as we thread the night back
to our bed.

   On all sides,
in moonlight
the pale blue fields
stretch infinitely wayward and pure.

Over fifty years later, the reverberations of Poet & Critic ’69 stretch on. The conference is a snapshot of the careers of poets and scholars of that moment, many of whom remain prolific to this day. It’s also an artifact of a distinctive moment not just in Canadian poetry, but in history and culture on a larger scale.


Fig. 1. Poet & Critic ’69 Conference Program Inner Page, Wilfred Watson fonds, University of Alberta Archives.

Fig. 2. “The Merry Devil of Edmonton”, Periodical, vol. 1, no. 2, January 1970, University of Alberta Archives.

  1. Harvey, Bob. “A Poetic Pot-Pourri to Alert Academics and the Public.” Edmonton Journal, 14 Nov. 1969, p. 63. ↩︎

  2. Richmond, John. “A Congress of Poets.” Montreal Star, 29 Nov. 1969, p. 2. ↩︎

  3. Ibid. ↩︎

  4. Atwood, Margaret. The Burgess Shale: The Canadian Writing Landscape of the 1960s. The University of Alberta Press, 2017, p. 35. ↩︎

  5. Ibid., 42. ↩︎

  6. Ibid., 39-42. ↩︎

  7. Malycky, Alexander, and Clive Cardinal. “Postscripts.” Canadian Ethnic Studies, vol. 1, no. 2, Dec. 1969, p. 135. ↩︎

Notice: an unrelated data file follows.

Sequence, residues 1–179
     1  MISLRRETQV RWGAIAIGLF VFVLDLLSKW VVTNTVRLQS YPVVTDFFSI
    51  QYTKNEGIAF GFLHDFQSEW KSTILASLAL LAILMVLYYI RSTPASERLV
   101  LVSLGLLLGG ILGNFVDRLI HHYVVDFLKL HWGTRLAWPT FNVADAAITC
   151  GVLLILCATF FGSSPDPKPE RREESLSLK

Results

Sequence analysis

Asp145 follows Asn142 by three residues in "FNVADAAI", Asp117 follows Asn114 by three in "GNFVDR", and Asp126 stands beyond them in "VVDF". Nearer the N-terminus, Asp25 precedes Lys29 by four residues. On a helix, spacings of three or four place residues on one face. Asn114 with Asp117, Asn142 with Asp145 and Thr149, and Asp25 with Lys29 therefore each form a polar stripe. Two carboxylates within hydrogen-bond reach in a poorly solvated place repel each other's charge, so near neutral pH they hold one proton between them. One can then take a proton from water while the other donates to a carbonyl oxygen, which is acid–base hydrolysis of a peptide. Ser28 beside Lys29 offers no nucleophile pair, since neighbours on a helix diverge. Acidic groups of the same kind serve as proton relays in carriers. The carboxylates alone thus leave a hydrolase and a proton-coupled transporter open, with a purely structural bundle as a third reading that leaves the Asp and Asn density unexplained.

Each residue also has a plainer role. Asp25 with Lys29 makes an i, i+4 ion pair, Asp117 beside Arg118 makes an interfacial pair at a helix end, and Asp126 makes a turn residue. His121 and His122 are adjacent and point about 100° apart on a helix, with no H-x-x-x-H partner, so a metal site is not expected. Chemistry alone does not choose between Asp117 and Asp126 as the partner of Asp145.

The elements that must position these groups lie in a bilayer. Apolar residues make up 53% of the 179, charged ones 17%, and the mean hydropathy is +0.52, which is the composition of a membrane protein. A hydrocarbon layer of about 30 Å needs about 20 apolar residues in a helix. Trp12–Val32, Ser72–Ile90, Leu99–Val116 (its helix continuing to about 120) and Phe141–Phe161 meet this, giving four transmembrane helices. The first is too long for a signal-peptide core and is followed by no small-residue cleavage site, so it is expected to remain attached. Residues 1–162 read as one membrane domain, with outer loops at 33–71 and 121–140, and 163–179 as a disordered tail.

8. Richmond, John. “Individual Congress Reports.” Montreal Star, 29 Nov. 1969, p. 42. ↩︎

  9. Cooperman, Stanley. “Embattled Poets Question Progress.” Vancouver Sun, 1 Dec. 1969, p. 29. ↩︎

  10. Birney, Earle. “Window Seat.” The Merry Devil of Edmonton, vol. 1, no. 2, Jan. 1970. Edited by Douglas Barbour and Stephen Scobie. ↩︎

  11. Lowther, Pat. “Poetry Conference.” The Merry Devil of Edmonton, vol. 1, no. 2, Jan. 1970. Edited by Douglas Barbour and Stephen Scobie. ↩︎

  12. Robert, Guy. “Quebec is Dying.” Translated by Guy Robert and Margaret Atwood. The Merry Devil of Edmonton, vol. 1, no. 2, Jan. 1970. Edited by Douglas Barbour and Stephen Scobie. ↩︎

  13. Barbour, Douglas. “The Finale.” The Merry Devil of Edmonton, vol. 1, no. 2, Jan. 1970. Edited by Douglas Barbour and Stephen Scobie. ↩︎